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Effective Ant Killer

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When ants invade a home, it can seem like the little critters are everywhere. You more than likely want an effective ant killer--and you want it now! Ants just aren't one of those creatures most people want to peacefully cohabitate with.

A variety of natural ant treatments are often recommended, but these don't really work to kill the ants. They may block or delay ants, but few do anything to harm the ants themselves. It never hurts to try a natural method before turning to chemical insecticides, though.

Several food items are very unpleasant to ants, and they will do whatever they can to avoid these spicy or hot foods. It can help to sprinkle a heavy line of these items around any areas where ants have been observed entering the home.

  • cinnamon
  • red chili pepper
  • dried, crushed mint leaves
  • paprika

If ants are entering around windows or other above-the-floor locations, it may help to draw a thick line with chalk around their entrance. Many people report that ants won't cross a line like this but will search for a way around it. If they cannot find a route that leads into your house, all the better.

Chalk lines and sprinkled food deterrents will need to be reapplied frequently, especially for the first month. Other natural items are also unpleasant for ants and may help discourage them from entering your home.

  • citrus peels
  • vinegar
  • mint leaves

The citrus peels or mint leaves can be placed in cabinets, the pantry, or perhaps even in the basement or crawl space. Some homeowners have reported that spraying plain white vinegar on kitchen counters and allowing it to air dry will prevent ants from visiting those areas again.

If none of these efforts to deter ants works for you, it will probably be necessary to turn to a chemical ant killer. A variety of applications are available, but most contain the same insecticide, usually borax. Very effective against sugar ants and other types of ants, these ant killers are almost certain to end your infestation. The insecticide may be suspended in:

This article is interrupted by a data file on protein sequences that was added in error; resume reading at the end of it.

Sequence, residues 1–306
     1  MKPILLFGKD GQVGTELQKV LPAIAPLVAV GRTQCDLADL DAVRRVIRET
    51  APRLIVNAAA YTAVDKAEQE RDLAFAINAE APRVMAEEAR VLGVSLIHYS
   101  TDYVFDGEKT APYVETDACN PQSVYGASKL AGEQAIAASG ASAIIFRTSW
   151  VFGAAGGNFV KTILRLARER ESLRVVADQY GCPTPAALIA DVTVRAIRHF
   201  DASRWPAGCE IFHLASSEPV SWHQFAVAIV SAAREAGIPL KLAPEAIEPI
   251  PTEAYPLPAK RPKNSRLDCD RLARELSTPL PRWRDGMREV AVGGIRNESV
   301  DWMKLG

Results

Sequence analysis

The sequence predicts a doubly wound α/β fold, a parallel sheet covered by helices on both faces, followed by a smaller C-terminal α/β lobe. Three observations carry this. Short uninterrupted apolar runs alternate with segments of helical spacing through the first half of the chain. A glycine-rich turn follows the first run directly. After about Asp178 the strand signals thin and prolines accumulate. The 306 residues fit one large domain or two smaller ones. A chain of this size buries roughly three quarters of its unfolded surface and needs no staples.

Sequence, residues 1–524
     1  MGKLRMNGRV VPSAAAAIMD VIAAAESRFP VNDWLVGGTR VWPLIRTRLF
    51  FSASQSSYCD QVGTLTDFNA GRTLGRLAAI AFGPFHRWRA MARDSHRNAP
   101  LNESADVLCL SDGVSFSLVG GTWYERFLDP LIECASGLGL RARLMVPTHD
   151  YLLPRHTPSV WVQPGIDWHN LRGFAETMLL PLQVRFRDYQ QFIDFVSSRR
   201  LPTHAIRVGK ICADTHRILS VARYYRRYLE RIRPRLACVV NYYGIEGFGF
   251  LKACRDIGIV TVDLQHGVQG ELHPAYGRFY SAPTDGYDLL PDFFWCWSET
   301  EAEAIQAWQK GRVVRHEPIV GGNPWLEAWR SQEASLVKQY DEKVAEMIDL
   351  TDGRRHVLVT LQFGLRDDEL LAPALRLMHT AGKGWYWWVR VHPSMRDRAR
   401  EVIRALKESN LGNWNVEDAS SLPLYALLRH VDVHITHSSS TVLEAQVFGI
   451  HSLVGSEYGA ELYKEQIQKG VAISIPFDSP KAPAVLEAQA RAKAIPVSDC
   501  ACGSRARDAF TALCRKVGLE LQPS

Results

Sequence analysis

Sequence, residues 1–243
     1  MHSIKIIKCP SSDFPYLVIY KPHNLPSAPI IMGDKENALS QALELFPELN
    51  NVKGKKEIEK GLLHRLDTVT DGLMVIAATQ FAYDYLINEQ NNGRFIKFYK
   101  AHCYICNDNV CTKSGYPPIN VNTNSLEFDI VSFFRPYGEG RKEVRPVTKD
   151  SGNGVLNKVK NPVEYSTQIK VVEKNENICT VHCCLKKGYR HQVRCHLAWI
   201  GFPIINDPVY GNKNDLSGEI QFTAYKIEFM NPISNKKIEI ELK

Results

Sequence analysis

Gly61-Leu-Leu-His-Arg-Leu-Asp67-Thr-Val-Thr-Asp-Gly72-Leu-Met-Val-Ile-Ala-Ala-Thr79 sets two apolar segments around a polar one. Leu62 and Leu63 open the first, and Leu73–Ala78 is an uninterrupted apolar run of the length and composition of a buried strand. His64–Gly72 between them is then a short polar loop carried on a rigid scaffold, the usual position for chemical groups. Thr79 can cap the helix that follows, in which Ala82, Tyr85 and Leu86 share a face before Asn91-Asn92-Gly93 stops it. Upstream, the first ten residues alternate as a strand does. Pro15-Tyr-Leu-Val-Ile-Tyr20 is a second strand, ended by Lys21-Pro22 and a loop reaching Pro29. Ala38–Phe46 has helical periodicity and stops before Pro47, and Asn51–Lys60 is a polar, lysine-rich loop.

• liquid
  • gel
  • powder
  • granules

Depending on severity of the ant infestation and where you have observed the insects, it may necessary to use a combination of these treatments. Liquid ant killers are often sprayed under cabinets, behind appliances, around windows and doors, and around the perimeter of a home. They work to kill ants on contact, and most also offer residual protection to continue affecting ants that crawl across a sprayed surface. The residual protection is not as fast-acting as initial contact, however, and this type of ant insecticide will need to be reapplied periodically.

Gel ant killers are often used in the form of bait. Ant baits may be "pre-set," meaning that the gel insecticide is present within a small, closed plastic container. The gel contains a sugary food source that attracts sugar-eating ants. The ants can crawl into small openings in the container where they eat some of the bait and then carry some back into the nest to feed the other ants.

Other ant baits will need to be made just before use. These come with both a bottle of thin gel bait and small pieces of cardboard that the gel can be dripped onto.

Either type of bait is usually very effective in killing the entire ant colony, but fresh baits will need to be set out very often until the colony is destroyed. This may take several weeks or even a few months, depending on how large the colony is. It's a good idea to continue setting out new baits until you have observed no ants for at least three weeks.

Powder and granule ant killers are most often used outside. They may be sprinkled around the perimeter of the house or applied directly to an ant nest.

Even the best ant killer must be used according to its label directions, or it will be ineffective. It's important to follow all precautions, warnings, and instructions when using any type of insecticide.

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